Log in from a computer to take this course

You'll need to log in from a computer to start Introduction to Non-linear Data Structures in Swift. But you can practice or keep up your coding streak with the Codecademy Go app. Download the app to get started.

apple storegoogle store
Learn

Our implementation of a searching function will provide the user with a boolean value as to whether the value is in the tree or not. Since it provides the user with this type of answer, we will call the function contains(_:). Similar to how the add function we created was implemented, we will have a private variation, contains(_:startingAt:) that will do the heavy lifting (recursion) behind the scenes.

Since this private function will use a standard recursive algorithm, let’s talk about our base case:

  • When the node we are searching is nil, that is we’ve searched all the way to the end of a tree and can’t find the element, we will return false.
  • If we reach a node that is not nil and its value is neither less than or greater than the value, it must equal the value and we return true.

If we don’t reach a base case, call the function on the left child if the value is less than the parent or the right child if it is greater than the parent.

The public function will take a value from the user and simply call the private function beginning at the root of the tree.

Instructions

1.

We’ll begin the private function first. Below the multiline comment for contains in the private functions area, create a new function, contains(_:startingAt:) that has two parameters, value of type T with no argument label, and node of which will be a BinaryNode<T> optional and labeled startingAt. The function will return a Bool. Inside the function body, return false.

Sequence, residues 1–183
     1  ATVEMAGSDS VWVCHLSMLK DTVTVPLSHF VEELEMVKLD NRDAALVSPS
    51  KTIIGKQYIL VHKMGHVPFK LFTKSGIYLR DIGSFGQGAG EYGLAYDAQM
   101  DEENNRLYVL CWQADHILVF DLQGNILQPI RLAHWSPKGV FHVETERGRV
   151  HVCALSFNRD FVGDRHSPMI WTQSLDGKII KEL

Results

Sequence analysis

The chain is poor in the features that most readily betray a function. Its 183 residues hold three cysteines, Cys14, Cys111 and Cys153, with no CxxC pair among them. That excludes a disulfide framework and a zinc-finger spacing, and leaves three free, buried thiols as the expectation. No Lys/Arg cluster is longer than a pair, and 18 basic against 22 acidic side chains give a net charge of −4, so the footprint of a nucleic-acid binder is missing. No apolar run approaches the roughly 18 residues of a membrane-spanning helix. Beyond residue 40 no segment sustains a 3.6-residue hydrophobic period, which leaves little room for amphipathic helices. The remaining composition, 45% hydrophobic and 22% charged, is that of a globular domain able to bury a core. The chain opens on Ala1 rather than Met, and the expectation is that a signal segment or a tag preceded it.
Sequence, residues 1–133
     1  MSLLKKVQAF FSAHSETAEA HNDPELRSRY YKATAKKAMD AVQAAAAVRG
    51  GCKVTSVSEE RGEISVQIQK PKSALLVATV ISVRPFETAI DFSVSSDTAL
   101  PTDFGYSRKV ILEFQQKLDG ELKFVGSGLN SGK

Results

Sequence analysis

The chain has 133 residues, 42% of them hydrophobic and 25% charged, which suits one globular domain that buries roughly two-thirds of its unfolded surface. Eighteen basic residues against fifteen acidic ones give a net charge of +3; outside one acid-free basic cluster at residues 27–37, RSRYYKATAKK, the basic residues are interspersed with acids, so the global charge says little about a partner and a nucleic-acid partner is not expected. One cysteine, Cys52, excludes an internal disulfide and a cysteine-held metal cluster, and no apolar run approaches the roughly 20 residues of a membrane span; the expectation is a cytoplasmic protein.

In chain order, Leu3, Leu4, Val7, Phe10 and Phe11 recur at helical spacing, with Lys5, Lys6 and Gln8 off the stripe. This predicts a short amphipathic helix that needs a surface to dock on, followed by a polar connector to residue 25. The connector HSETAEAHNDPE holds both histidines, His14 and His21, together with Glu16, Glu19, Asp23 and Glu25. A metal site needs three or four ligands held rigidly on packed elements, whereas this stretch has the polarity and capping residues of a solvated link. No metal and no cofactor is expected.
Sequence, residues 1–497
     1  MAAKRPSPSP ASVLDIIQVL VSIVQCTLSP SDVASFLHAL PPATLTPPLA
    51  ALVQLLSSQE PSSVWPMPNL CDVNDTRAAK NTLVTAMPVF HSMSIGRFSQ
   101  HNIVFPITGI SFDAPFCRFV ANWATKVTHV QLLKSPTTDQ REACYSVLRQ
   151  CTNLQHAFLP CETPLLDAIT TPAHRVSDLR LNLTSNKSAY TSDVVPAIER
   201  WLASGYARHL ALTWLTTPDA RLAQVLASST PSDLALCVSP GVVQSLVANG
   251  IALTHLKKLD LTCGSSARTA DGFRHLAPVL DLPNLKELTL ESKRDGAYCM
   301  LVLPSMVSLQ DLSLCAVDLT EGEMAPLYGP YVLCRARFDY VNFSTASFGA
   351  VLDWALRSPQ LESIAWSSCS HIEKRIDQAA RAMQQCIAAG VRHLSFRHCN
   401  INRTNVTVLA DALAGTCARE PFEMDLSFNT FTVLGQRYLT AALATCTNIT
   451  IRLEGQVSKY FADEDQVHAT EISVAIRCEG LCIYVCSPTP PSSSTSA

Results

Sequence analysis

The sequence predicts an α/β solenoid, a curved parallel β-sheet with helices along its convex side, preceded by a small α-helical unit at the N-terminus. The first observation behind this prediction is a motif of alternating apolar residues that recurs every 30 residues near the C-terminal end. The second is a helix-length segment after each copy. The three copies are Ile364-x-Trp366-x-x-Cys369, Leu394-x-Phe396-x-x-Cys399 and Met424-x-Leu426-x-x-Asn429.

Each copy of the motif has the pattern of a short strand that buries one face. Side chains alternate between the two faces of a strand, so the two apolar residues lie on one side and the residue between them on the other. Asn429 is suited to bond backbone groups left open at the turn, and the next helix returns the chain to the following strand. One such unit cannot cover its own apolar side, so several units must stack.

2.

Inside the function, above the return statement, create a guard-let statement. It should unwrap node as parent. In the else clause it should return false.

This statement is responsible for handling our first base case, getting to a non-existent node.

3.

Underneath the guard-let statement, create a new variable, valueFound and set it equal to false.

Change the return statement at the end of the function from false to valueFound.

4.

Between valueFounds declaration/initialization and the return statement you will create an if-else statement that will run our recursive logic and final base case:

  • if the value is less than the parent’s data, valueFound will equal the result of calling contains on the value, starting at the parent’s left child.
  • else-if the value is greater than the parent’s data, valueFound will equal the result of calling contains on the value, starting at the parent’s right child.
  • else, we’ve found the value and valueFound equals true.
5.

Below the comments for contains in the public functions section, create a new function, contains(_:) that has one parameter, value of type T, it should omit an argument label. The function returns a Bool.

Inside the function body, call the private contains(_:startingAt:) function we just created, passing in value and root.

6.

With our contains functions complete, add a few more numbers of your choosing to the numberTree at the bottom of the file and make a few calls to your public contains(_:) function. Make sure to wrap the function call inside a print statement so you can see the result.

Take this course for free

Mini Info Outline Icon
By signing up for Codecademy, you agree to Codecademy's Terms of Service & Privacy Policy.

Or sign up using:

Already have an account?